Local agency taking in 22 dogs after winter storm

Staff Report

After Winter Storm Uri wreaked havoc across Texas, Santa Barbara County Animal Services (SBCAS) responded to the call for help from animal shelters directly impacted by the freezing temperatures, ice, and snow. 

With their owners stranded without power and water, thousands of Texas pets entered shelters during the storm’s aftermath. As a result of this rapid influx of animals into the shelters, dogs and cats that were already there before the storm hit are now at risk of euthanasia due to space limitations and exhausted resources. Through a major collaboration of animal organizations, a goal was set to find safe transport for 1,000 animals or more across state lines to free up critical space in the exhausted Texas shelters. 

Twenty-two dogs made the long journey from El Paso, arriving in Santa Barbara on the evening of Saturday, March 6. The dogs selected for the journey ranged from 4 to 70 pounds and were said to be healthy and social.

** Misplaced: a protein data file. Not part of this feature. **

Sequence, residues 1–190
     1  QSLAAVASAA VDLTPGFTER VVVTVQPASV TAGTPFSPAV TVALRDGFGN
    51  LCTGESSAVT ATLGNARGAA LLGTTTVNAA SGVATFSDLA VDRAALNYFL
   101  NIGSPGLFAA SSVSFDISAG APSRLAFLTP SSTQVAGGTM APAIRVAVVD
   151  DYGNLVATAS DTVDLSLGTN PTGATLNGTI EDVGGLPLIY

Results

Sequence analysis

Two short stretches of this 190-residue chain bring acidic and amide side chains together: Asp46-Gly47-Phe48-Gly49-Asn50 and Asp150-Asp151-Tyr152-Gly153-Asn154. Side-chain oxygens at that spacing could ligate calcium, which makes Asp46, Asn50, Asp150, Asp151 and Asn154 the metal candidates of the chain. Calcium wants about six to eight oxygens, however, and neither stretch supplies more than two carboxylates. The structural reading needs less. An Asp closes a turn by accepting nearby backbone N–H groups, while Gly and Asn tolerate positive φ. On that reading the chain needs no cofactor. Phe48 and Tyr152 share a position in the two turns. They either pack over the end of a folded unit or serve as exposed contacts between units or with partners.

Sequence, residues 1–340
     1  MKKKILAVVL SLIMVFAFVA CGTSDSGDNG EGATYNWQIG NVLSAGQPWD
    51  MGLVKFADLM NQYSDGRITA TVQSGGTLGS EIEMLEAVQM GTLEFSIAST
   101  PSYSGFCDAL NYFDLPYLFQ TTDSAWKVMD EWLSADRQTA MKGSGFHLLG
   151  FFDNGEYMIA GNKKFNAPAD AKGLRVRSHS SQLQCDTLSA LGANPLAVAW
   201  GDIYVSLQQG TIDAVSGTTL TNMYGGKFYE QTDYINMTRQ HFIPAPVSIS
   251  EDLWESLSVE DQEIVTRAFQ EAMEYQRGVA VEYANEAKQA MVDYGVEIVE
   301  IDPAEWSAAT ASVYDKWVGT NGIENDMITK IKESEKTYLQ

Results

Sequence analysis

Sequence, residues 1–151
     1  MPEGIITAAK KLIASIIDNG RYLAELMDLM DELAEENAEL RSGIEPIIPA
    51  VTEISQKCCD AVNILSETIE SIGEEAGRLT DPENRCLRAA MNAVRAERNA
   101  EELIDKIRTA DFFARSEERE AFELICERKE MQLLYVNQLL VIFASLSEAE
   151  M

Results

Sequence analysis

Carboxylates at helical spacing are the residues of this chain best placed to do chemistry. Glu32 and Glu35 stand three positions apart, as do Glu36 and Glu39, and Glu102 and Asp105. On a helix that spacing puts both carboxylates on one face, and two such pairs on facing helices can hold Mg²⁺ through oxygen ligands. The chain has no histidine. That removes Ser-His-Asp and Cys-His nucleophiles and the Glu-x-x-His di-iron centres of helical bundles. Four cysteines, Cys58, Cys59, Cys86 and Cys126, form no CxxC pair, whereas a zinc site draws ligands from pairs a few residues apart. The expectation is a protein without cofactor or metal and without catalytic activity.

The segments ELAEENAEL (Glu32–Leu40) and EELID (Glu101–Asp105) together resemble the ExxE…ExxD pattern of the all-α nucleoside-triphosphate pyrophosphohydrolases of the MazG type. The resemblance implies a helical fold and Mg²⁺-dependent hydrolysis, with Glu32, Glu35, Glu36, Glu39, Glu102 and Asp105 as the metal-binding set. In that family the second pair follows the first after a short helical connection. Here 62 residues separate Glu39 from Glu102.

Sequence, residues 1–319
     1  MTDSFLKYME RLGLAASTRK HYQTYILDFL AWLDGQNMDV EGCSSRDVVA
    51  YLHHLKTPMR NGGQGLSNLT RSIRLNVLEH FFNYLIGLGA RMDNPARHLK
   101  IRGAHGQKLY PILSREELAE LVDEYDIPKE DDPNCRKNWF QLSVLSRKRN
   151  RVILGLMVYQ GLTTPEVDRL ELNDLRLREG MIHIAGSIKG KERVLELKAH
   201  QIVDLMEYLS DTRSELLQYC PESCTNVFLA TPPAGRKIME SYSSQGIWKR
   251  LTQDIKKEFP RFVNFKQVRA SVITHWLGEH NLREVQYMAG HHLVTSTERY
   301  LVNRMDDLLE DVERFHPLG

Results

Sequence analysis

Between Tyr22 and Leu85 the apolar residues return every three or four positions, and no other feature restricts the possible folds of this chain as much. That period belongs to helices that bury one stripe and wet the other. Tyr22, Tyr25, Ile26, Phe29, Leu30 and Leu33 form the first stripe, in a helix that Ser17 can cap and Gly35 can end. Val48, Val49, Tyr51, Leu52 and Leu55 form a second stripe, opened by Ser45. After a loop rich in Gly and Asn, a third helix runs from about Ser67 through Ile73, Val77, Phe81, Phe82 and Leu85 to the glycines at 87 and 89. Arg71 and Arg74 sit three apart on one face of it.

Most importantly, the priority was to transfer dogs that truly don’t have a home or are at risk of euthanasia, according to SBCAS Director Angela Yates. 

“As a municipal shelter, it’s unusual for us to transfer in animals from other jurisdictions, but in times of disaster and crisis, our network of animal shelters work together to save as many animals as possible,” Yates said. “We are so grateful that we are in a position to offer these 22 dogs a new and loving life in Santa Barbara.”

The transport was made possible through SBCAS’s partnership with C.A.R.E.4Paws, Shadow’s Fund and the Santa Barbara Animal Care Foundation, who rallied their support and resources to assist. El Paso Animal Services transported the dogs to Pima Animal Care Center in Tucson, Arizona, which offered to act as a transport hub to give the canines a day of rest. 

SBCAS volunteers than made the 18-hour round-trip drive to the Tucson facility and back to bring the dogs to Santa Barbara. 

“Through this collaboration, we are able to provide these shelter pets a greater chance at a loving home and we can’t thank SBCAS enough for being a lifesaving partner,” said Ramon Herrera, interim director of El Paso Animal Services.

Upon arrival to the Santa Barbara shelter, the dogs were rotated throughout play yards, and received a vet exam before being placed up for adoption. 

Anyone interested in giving one of these Texas dogs a California home, please visit https://countyofsb.org/phd/animal/texasdogadoption.sbc and fill out an application that is specifically set up for these Texas canines.